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Full Moelwynion and Moel Siabod Traverse – Maentwrog to Capel Curig

By Dave Roberts   

on February 23, 2023    No ratings yet.

Full Moelwynion and Moel Siabod Traverse – Maentwrog to Capel Curig

Route Essentials

Route Summary

See the end of the article for local information about parking, public transport facilities, pubs and cafes.


35 km


2020 m


12 hours plus or 2 days

Calculate the time using Naismith’s Rule and factor in your own pace.

Start Location

Maentwrog to Capel Curig


Epic Walk


Distance, navigation and a few seriously wet bogs to cross.

Weather Forecast:

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Remember that we cannot outline every single hazard on a walk – it’s up to you to be safe and competent. Read up on Mountain Safety , Navigation and what equipment you’ll need. 

Full Moelwynion and Moel Siabod Traverse – Maentwrog to Capel Curig Ordnance Survey Map and GPX File Download

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Full Moelwynion and Moel Siabod Traverse – Maentwrog to Capel Curig

There’s little doubt in my mind that the full traverse of the Moelwynion is one of the most satisfying trips you can take in Eryri (Snowdonia). It compares favourably to similar routes such as the Rhinogydd Traverse and the Carneddau Traverse, and the traverse of the range across from Beddgelert towards the and on to Dolwyddelan.

The walk starts off at sea level near the Oakley Arms taking you past the scenic wooded Llyn Mair before taking you onto the mountain environment proper. From there on, it’s hard work, but when you arrive in Capel Curig the next day, or even at sundown on the same down, you’ll have completed one of the more satisfying traverses in the park.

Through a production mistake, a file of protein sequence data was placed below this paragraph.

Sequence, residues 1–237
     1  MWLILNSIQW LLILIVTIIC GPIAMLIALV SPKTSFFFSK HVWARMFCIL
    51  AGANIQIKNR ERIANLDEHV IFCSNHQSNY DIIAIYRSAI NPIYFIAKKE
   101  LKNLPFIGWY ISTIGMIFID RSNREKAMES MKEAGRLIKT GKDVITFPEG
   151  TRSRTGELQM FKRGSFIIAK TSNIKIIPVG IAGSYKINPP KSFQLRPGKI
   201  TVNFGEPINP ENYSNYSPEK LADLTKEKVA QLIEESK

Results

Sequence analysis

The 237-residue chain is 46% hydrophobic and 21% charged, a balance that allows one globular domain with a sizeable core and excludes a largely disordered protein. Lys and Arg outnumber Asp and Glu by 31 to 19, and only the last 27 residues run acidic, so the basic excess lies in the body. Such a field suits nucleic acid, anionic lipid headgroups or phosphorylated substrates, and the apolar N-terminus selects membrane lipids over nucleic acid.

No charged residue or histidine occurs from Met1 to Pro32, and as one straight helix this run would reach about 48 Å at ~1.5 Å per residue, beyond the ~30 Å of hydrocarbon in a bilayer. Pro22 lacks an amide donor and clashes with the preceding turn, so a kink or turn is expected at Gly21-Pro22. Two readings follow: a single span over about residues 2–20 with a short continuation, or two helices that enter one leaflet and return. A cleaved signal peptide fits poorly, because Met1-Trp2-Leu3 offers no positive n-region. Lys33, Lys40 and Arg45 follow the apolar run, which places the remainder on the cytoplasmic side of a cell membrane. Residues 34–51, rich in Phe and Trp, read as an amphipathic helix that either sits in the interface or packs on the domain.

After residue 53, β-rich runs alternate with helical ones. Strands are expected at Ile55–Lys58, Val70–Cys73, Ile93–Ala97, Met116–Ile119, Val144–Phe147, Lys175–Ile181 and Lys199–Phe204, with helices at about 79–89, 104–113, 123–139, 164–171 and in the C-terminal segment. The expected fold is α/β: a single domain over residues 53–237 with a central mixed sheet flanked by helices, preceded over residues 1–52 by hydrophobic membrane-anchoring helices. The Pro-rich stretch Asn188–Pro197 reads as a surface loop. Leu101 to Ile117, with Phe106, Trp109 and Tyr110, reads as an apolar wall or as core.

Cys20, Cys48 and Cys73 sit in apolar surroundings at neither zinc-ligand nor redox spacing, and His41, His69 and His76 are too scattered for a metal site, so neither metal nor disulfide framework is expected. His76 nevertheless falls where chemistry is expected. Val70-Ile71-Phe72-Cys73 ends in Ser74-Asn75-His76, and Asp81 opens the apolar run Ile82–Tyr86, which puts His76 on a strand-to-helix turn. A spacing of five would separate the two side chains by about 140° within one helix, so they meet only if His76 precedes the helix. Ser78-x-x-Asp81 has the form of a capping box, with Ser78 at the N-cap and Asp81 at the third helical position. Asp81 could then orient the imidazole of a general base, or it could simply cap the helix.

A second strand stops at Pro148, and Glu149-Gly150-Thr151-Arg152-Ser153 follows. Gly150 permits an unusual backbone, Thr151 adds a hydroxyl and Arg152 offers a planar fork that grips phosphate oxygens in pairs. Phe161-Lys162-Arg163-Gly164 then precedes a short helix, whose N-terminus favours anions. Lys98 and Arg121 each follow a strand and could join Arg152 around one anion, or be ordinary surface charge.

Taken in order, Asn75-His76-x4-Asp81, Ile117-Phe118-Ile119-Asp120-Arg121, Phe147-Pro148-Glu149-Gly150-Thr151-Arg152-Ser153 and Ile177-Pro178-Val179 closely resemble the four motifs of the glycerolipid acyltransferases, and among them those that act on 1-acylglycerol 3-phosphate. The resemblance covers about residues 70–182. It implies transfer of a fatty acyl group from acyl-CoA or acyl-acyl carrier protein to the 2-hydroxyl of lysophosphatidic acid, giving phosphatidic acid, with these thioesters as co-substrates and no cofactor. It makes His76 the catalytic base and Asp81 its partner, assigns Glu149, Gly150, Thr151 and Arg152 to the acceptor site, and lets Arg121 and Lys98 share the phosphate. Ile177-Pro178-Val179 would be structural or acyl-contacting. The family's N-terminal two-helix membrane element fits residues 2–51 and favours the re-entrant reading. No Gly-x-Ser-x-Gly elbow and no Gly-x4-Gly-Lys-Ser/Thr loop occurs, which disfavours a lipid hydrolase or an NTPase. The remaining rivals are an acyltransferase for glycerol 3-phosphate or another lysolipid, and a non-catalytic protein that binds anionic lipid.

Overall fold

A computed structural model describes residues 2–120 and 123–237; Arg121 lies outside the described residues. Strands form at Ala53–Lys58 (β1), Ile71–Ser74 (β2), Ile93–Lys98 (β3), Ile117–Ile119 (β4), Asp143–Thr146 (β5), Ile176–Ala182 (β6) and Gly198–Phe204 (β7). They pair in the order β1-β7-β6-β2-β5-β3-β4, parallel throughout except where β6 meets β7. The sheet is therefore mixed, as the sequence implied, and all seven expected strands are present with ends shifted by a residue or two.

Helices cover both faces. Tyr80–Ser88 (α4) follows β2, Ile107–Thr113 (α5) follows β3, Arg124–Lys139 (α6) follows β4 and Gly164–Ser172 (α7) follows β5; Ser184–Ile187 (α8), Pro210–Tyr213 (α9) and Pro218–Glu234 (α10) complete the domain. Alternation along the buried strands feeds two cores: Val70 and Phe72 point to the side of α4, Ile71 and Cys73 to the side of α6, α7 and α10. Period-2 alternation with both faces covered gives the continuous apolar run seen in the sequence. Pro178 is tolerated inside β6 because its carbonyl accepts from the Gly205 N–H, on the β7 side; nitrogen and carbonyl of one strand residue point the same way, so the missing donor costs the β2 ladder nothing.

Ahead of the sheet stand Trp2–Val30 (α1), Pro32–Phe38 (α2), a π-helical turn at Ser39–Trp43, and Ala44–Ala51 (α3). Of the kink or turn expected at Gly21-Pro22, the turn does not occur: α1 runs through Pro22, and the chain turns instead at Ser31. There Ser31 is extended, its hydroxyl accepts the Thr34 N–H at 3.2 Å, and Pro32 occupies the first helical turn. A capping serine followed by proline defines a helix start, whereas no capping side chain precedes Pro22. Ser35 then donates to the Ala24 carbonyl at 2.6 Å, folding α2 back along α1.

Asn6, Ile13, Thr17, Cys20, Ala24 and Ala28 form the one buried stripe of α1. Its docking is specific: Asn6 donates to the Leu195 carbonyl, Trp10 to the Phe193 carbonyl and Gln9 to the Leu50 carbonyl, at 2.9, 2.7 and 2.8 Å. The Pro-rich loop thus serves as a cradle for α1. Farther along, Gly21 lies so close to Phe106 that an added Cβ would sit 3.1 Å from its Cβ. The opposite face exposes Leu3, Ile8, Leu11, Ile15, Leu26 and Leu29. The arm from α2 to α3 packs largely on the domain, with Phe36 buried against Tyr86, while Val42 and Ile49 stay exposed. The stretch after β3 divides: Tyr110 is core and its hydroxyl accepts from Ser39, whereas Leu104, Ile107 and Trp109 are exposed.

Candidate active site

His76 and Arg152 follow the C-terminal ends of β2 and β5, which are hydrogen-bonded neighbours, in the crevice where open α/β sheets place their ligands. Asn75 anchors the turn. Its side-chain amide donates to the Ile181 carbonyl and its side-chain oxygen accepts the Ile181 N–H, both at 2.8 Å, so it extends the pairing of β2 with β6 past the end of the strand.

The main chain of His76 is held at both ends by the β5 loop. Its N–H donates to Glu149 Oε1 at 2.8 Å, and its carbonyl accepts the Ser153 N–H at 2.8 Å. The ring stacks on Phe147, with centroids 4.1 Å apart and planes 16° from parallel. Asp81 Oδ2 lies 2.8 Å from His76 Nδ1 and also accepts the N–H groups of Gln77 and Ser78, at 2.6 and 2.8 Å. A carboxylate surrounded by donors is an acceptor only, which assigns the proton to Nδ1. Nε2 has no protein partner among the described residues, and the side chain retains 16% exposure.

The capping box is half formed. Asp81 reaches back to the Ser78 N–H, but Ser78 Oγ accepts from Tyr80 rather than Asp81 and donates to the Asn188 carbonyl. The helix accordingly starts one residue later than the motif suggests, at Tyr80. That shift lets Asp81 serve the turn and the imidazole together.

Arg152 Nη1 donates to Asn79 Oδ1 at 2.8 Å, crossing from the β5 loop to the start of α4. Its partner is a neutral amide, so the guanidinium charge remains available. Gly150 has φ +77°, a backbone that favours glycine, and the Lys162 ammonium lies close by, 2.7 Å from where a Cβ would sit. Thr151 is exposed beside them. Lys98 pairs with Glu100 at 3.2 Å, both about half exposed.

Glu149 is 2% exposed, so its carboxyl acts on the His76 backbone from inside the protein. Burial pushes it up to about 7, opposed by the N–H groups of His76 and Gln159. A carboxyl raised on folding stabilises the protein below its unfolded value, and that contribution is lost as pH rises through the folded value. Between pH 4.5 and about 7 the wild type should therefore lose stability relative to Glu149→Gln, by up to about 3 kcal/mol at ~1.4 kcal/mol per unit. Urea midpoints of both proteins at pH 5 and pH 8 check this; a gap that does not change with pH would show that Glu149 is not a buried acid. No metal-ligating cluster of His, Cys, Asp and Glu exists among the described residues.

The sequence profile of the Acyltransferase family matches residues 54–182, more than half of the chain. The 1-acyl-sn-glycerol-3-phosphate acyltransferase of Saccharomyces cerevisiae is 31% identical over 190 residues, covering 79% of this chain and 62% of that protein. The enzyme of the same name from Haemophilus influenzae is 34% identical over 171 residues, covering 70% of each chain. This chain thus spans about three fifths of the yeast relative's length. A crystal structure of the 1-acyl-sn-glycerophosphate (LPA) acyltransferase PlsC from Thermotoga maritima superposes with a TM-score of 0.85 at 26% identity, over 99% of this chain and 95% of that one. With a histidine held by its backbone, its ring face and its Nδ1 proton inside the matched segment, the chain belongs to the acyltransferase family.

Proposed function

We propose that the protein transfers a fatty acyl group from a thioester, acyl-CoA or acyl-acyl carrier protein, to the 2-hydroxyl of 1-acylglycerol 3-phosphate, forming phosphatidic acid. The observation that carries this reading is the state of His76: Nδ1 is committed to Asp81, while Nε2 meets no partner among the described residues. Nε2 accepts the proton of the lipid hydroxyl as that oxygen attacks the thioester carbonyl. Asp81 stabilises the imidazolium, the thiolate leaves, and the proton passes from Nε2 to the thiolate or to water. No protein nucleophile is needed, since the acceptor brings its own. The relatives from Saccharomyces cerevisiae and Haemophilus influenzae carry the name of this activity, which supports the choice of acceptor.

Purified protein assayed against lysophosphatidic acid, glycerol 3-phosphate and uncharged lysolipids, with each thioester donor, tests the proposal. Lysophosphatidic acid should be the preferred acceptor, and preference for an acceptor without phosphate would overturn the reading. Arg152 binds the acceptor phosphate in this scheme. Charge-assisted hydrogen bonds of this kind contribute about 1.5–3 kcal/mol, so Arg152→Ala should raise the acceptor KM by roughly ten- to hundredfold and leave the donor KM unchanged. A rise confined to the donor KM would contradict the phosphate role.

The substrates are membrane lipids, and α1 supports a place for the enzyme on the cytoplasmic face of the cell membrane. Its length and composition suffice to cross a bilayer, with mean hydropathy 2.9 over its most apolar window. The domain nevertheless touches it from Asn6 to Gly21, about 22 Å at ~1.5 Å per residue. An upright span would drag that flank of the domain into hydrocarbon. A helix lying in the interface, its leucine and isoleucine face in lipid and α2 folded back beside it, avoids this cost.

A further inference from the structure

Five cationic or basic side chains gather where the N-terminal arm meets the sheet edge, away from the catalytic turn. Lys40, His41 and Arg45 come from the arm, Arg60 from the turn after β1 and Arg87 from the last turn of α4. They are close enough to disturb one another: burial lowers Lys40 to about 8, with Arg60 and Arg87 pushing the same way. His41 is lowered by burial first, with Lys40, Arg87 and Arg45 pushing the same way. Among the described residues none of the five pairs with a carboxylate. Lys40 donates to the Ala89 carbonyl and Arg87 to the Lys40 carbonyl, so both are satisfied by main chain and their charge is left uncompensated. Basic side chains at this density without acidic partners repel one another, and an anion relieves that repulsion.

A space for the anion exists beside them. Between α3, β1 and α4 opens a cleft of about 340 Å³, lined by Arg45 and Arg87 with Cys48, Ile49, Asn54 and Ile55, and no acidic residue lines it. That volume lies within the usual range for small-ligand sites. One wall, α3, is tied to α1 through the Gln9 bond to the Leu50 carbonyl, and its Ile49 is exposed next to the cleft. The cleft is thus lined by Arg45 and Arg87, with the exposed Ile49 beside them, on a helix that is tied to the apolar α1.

Full Moelwynion and Moel Siabod Traverse – Maentwrog to Capel Curig Route Description

1 Follow the B4410  road from the Oakley Arms towards Llyn Mair, this section is around 0.5km.

2 Leave the road left to join the footpath around Llyn Mair. This is a good path, and pleasant walking that contrasts with the rugged wild walk that’s ahead. 

3 After 1.2km you’ll end up at a picnic area. It’s probably too soon for a break, so head across the road to follow the good path through the woodland and on towards Tan-y-bwlch railway station.

4 At Tan-y-bwlch, cross the bridge over the railway and a good path leads you to join the minor road for Croesor.

5 Follow the minor road ahead and follow this road for 2.7km. There’s a conifer plantation to your right for most of the way, but as soon as this gives way to open hillside you need to keep an eye out for another small plantation and the right of way you’ll need is just inside this to your right.  The plantation is currently looking rathe sorry for itself, and has a few straggly trees left.

6 Follow the track right through the plantation and it soon leaves it for open hillside. The path is faint and rather wet initially, but the going improves as you climb the grassy ridge all the way to the summit of Moelwyn Bach. Now you’ve earned a break, and you’ll be glad to know that the views from here are quite extensive.

7 From the summit there’s a hard to find path to the NE, which is easy enough to follow as it drops down towards Bwlch Stwlan and gets clearer as it goes. There are pleasant views towards Llyn Stwlan, which is the upper lake for the pump storage Ffestiniog Power Station, and towards our next mountain, Moelwyn Mawr.

8 The path pulls up from Bwlch Stwlan up over Craigysgafn and may need the use of hands on a couple of steeper sections at the start. The going then becomes steady over the minor summit of Craigysgafn before a final grassy slog up to the summit of Moelwyn Mawr. This section follows the line of the Cambrian Way.